10, The method of making a disintegrating bullet which comprises forming a mixture of particles of lead and zinc, extruding the mixture at such a pressure that the interior of the extruded metal consists of separate particles of the zinc interspaced in a core of lead and the surface consists of a substantially continuous, metal casing capable of being worked, swaging the ex- -truded metal to shape it into a bullet having a rounded nose whereby the exterior casing is shaped to cover the nose of the bullet.

11. The method of making a disintegrating bullet which comprises forming a mixture of particles of lead and antimony, extruding the mixture at such a pressure that the interior of the v extruded metal consists of separate particles of the antimony interspaced in a core of lead and the surface consists of a substantially continuous, metal casing capable of being worked, swaging the extruded metal to shape it into a bullet having a rounded nose whereby the exterior casing is shaped to cover the nose of the bullet.

12. The method of making a disintegrating bullet which comprises forming a mixture of particles of lead and copper, extruding the mixture at such a pressure that the interior of the extruded metal consists of separate particles of the copper interspaced in a core of lead and the surface consists of a substantially continuous, metal casing capable of being worked, swaging the extruded metal to shape it into a bullet having a rounded nose whereby the exterior casing is shaped to cover the nose of the bullet.

13. The method of making a disintegrating bullet which comprises mixing substantially 80 percent of lead dust shot and substantially 20 percent of granulated zinc, extruding the mixture in a continuous length at such a pressure that the interior of the extruded metal consists of separate particles of zinc interspaced in a core of lead and the surface consists of a substantially continuous, non-brittle casing capable of being worked, cutting the extruded metal into bullet blanks of a desired size, and swaging the bullet blanks to shape them into bullets having a rounded nose with the exterior casing extending over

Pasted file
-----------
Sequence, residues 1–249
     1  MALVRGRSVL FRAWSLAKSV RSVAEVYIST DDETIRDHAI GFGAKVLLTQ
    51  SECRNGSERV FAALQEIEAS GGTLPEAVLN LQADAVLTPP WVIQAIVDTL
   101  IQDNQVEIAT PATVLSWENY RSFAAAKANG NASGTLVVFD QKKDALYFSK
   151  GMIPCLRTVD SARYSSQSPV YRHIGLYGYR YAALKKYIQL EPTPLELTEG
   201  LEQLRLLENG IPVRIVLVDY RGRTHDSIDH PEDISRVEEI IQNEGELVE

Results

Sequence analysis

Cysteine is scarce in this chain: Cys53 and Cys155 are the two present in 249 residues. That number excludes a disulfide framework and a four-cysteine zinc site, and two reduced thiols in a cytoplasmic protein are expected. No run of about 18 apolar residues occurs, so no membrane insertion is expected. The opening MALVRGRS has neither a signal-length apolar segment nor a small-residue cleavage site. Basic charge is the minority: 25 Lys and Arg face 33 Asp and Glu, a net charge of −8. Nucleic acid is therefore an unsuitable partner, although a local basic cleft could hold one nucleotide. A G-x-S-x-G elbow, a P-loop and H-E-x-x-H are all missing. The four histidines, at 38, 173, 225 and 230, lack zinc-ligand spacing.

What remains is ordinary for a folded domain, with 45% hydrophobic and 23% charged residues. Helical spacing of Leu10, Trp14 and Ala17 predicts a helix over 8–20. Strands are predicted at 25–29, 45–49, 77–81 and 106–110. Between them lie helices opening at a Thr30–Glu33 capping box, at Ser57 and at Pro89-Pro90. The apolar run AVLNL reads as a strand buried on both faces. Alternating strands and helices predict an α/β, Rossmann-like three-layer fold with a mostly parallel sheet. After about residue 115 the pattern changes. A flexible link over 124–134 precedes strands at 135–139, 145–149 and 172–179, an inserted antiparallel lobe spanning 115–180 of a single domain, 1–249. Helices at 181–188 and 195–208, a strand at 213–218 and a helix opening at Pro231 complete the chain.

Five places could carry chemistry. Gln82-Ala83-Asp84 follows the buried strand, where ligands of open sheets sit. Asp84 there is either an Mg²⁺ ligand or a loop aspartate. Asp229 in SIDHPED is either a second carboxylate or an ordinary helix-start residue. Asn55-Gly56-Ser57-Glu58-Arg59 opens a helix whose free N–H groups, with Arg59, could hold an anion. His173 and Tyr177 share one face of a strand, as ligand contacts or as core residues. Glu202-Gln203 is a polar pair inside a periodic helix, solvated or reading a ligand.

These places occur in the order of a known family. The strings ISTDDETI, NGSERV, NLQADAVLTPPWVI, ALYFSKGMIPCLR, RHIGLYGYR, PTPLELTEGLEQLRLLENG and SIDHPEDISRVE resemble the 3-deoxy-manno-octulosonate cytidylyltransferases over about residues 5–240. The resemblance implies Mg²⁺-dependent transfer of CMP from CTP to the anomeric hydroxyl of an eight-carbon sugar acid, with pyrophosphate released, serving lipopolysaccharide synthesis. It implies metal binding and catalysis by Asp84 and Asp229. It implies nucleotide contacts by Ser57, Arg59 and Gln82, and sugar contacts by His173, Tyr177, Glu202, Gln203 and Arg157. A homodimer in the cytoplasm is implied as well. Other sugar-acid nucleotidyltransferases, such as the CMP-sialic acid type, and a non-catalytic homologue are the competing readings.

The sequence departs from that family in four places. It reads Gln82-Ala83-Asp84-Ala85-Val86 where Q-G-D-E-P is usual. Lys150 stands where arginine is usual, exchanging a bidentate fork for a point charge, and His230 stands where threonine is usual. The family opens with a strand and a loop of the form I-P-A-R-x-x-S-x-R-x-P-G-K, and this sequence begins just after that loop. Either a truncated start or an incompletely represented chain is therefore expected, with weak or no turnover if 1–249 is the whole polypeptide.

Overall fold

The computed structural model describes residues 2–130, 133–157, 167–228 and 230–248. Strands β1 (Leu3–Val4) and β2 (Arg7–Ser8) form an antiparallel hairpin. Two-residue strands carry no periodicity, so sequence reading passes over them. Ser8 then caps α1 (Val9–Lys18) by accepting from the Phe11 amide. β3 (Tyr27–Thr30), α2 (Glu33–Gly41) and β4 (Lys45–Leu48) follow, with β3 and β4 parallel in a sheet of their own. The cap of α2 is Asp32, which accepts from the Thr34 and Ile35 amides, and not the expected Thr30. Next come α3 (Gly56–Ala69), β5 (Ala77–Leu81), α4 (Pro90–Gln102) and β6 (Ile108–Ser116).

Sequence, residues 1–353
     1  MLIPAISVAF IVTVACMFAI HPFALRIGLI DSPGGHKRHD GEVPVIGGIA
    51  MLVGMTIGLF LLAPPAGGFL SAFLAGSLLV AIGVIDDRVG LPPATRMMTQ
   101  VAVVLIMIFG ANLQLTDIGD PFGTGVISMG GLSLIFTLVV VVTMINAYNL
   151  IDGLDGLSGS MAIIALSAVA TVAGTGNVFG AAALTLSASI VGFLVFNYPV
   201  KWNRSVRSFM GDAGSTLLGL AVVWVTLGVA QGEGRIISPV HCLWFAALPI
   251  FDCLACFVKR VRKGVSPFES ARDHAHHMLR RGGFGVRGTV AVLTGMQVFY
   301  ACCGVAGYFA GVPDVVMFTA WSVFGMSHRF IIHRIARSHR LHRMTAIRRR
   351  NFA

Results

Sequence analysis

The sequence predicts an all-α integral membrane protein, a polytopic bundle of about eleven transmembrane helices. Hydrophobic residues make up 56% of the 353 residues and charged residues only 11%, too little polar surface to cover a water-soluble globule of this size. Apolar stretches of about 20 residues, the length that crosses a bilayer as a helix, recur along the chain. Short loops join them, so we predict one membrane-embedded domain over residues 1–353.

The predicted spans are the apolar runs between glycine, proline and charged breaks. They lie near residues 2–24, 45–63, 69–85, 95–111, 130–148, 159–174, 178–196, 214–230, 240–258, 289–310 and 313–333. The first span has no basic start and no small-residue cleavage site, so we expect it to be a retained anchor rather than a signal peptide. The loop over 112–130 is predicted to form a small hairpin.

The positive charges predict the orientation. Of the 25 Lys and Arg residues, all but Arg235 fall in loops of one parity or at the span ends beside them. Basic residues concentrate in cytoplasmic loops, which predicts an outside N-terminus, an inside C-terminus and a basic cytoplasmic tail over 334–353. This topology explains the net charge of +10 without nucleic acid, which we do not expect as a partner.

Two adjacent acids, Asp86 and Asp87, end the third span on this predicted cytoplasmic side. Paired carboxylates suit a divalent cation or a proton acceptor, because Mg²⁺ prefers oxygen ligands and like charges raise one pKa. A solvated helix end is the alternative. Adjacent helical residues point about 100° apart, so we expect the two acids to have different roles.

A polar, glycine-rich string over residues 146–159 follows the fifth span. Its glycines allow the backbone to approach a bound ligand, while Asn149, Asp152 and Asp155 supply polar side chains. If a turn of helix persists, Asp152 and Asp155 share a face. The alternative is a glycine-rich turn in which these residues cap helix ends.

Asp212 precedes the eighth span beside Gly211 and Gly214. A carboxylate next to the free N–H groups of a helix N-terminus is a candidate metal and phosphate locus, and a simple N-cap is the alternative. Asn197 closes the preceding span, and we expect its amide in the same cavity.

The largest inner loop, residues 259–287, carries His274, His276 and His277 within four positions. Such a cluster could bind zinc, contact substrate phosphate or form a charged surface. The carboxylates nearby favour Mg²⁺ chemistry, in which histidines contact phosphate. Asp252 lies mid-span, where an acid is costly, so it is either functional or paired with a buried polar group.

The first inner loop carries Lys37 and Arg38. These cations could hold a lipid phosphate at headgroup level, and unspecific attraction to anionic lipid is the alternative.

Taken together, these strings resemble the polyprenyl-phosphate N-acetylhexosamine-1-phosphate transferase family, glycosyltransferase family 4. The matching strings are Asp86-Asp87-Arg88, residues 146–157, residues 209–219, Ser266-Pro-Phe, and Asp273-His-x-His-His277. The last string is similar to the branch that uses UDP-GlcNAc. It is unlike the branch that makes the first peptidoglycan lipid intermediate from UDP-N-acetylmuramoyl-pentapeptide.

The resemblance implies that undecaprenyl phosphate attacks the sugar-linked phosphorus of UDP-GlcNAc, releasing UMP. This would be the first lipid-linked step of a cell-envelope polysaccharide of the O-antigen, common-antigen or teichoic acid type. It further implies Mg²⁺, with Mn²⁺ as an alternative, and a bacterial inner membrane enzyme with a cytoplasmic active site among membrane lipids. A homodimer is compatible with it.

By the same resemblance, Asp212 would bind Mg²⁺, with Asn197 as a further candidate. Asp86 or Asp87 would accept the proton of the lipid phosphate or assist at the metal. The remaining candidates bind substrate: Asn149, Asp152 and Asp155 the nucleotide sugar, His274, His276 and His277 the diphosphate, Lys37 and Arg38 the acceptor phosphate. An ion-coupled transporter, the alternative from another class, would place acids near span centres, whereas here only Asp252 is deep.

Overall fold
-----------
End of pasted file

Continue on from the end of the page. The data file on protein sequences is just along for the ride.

Referenced by
Citing PatentFiling datePublication dateApplicantTitle
US3103171 *Aug 17, 1959Sep 10, 1963Leonard JansExplosive engine
US3123003 *Jan 3, 1962Mar 3, 1964 lange
US3898933 *Mar 21, 1973Aug 12, 1975Haut Rhin Manufacture MachinesTraining bullet for fire arms
US3911820 *Oct 12, 1973Oct 14, 1975Canon Jack YBullet
US3972286 *Nov 5, 1974Aug 3, 1976Canon Jack YBullet
US5443010 *Nov 1, 1993Aug 22, 1995Buffalo Bullet CompanyMuzzle loading rifle projectile
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US7322297Oct 24, 2006Jan 29, 2008International Cartridge CorporationCannelured frangible projectile and method of canneluring a frangible projectile
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US7422720May 10, 2005Sep 9, 2008Spherical Precision, Inc.Shot contains tungsten, and may be a sintered nontoxic shot pellet for ammunition with high accuracy in specific gravity and tight tolerance in size; agitating powdered constituents with a binding agent to form pellets; sintering the pellets to form projectile
US7581497 *Sep 21, 2005Sep 1, 2009The United States Of America As Represented By The Secretary Of The NavySelf-contained, non-intrusive data acquisition in ammunition
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Classifications
U.S. Classification102/529, 86/39, 72/54, 86/54
International ClassificationF42B8/02, F42B8/00
Cooperative ClassificationF42B12/74, F42B8/02
European ClassificationF42B12/74, F42B8/02